It's impressive how long rows of ripe sunflowers, broad harvested grain fields and languid farm ponds with a dead snag or two really seize your attention in late August. Early squirrel season may have already been open for a couple of weeks, but who drives by woodlots looking for a stand of hickory nut trees?
When September is near, it's not a long Labor Day weekend that creates a sense of exhilaration in the air. Nope, sorry, such anticipation can be reserved only for the opening of dove season.
The mourning dove is arguably the most widely pursued gamebird in the United States and deservedly so. Mountains of shotgun shells are expended in pursuit of this royal bird, which is all right and proper. But the tradition associated with opening day for dove is much more ceremonial than just a date on the calendar for huge swaths of the country. Especially in the South, welcoming the entry of dove season often takes on a fervor frequently reserved for religious occasions of the highest order.
In most of the country dove season opens Sept. 1 at high noon. Obviously it is usually much too hot to hunt at such an uncivilized hour. Yet noon becomes the appropriate moment for dove hunters to gather under giant shade trees and ponder the coming mission, even though the instant to actually take the field may be hours away. Noon marks the beginning of the rituals: building a fire in the battered barbecue so sizzling deer and elk burgers flavor conversation with their perfumes; admiring shotguns, old and new; enjoying good-natured banter grading shooting skills, or lack thereof; chatting with the kids attending their first dove shoot as active hunters; catching up with old friends not seen since last Sept. 1. These hours of camaraderie built upon years of shared hunts, shotguns, dogs, hunting friends long since departed and new acquaintances just discovered are precious portions of sacred ceremonies.
The magical spell stretches into late afternoon when swarms of rocketing birds beckon the chatterers into action. Activity quickens. Shooting vests are donned; shells are selected; weather-beaten pickups are boarded; shouts of excitement include the calling of dogs—all amid final blessings for "good shooting."
In the field guns bark, doves moved constantly by the strategic placement of hunters. Shouts of frustration ring out as lessons are taught over and over again by a 6-ounce critter, two-thirds tail, whipping by at 60 mph. Soon, the tattered old game bag develops a satisfactory heft. The color of the sinking sun and the feeling of the blessed, cool afternoon breeze suggest it's time to give thanks.
So camo coveralls come off, shotguns are cased and lovingly stowed. Thoughts of a big black skillet and the smell of frying doves cause mouths to water. It is the perfect end to a perfect day.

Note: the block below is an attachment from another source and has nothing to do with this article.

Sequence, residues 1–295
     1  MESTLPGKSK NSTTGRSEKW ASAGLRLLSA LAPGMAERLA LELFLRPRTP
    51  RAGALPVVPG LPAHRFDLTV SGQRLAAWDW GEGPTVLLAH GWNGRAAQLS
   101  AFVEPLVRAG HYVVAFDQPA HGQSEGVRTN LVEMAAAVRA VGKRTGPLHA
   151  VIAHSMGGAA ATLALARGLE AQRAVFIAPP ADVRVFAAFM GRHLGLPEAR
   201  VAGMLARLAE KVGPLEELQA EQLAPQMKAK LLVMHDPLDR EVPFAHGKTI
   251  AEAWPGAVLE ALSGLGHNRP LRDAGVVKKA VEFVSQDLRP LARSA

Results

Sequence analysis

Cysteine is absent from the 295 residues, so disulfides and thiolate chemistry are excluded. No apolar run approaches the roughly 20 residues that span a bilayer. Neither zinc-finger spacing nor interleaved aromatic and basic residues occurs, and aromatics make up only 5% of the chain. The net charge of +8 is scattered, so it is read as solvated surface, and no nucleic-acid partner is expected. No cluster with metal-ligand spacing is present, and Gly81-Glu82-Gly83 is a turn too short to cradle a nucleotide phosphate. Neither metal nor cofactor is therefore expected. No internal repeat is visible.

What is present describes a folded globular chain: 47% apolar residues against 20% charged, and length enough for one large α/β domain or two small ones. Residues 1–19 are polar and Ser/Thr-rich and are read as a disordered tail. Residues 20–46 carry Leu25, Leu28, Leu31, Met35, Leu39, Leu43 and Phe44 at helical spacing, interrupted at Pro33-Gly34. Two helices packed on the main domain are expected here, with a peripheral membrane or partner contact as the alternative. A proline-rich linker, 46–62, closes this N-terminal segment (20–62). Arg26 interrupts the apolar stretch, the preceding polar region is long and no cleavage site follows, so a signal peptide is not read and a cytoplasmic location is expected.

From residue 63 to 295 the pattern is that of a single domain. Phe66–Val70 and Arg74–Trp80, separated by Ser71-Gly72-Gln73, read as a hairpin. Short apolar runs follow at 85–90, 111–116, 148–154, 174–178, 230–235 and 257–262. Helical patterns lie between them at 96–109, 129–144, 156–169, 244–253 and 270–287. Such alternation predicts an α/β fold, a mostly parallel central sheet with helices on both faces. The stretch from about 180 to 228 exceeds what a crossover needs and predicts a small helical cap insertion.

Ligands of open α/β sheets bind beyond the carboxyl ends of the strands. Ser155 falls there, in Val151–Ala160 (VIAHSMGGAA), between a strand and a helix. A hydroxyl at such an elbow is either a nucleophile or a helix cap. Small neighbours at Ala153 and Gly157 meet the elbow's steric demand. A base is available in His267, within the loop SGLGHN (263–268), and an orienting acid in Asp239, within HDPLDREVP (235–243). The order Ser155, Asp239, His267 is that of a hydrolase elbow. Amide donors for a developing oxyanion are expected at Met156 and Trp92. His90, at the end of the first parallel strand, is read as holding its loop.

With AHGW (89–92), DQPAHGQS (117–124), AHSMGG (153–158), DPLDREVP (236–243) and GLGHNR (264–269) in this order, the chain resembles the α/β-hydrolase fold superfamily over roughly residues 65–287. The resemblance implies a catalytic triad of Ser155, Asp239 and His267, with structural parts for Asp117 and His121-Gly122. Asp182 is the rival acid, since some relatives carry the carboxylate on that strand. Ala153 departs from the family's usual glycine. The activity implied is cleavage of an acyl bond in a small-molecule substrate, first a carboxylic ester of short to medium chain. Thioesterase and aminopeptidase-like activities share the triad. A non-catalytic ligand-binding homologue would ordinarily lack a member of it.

Tips to Lay Out Ol' Tom
Fly-down time at dawn
is, quite naturally, assumed by many hunters to be the best time all day to bag a tom. Trouble is, the hen or hens that old fella is visiting at that time of day may not let him off the hook long enough to pay attention to your calls and come anywhere near your setup. But during the peak of the breeding season, those hens are apt to visit their nests by noon. Your best shot at calling him close may come then, when old tom is lonely for attention.
Many times a tom hangs up
not because of an obstacle, but because he's walked far enough toward your call and, having not seen a hen, walks away. Your mistake: setting up too far outside that all-important range and never seeing him. When you call, be sure of a good line of sight through terrain and vegetation, and depending on cover, try to get within 100 yards of him before plopping down.
If you hear a gobbler moving away from you,
don't waste more time and breath trying to call him back. Instead, get up and hustle in a wide circle around him. If you need to hear him for reference, use a locator call. When you feel you are ahead of him, quickly set up and give a series of aggressive yelps with a call you haven't used yet. Many times this "fresh hen" tactic will prove successful.
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Like the fossilized skeletons of its ancestors displayed in the Smithsonian, a 12-foot alligator can be scary even when it's dead—something that Shooting Illustrated's Adam Heggenstaller learned in person during a gator hunt in Florida. Read More »
Could 2011 be the year of the work truck? If so, the Ram Tradesman is ready to clock in. Equipped with a juiced-up HEMI® engine.... Read More »
The year that Sumner, Mo., erected a statue of "Maxie" to commemorate being the "Wild Goose Capital of the World."
Maxie sports a 65-foot wingspan while resting on a cinderblock building in a community park.
The number of cackling subspecies.
The cackling goose, a smaller-bodied goose prominent in Canada and Alaska, is a tundra-breeder with considerably more black plumage than the Canada. At one time, the cackling goose was considered the smallest subspecies of the Canada, but is now recognized as a separate species.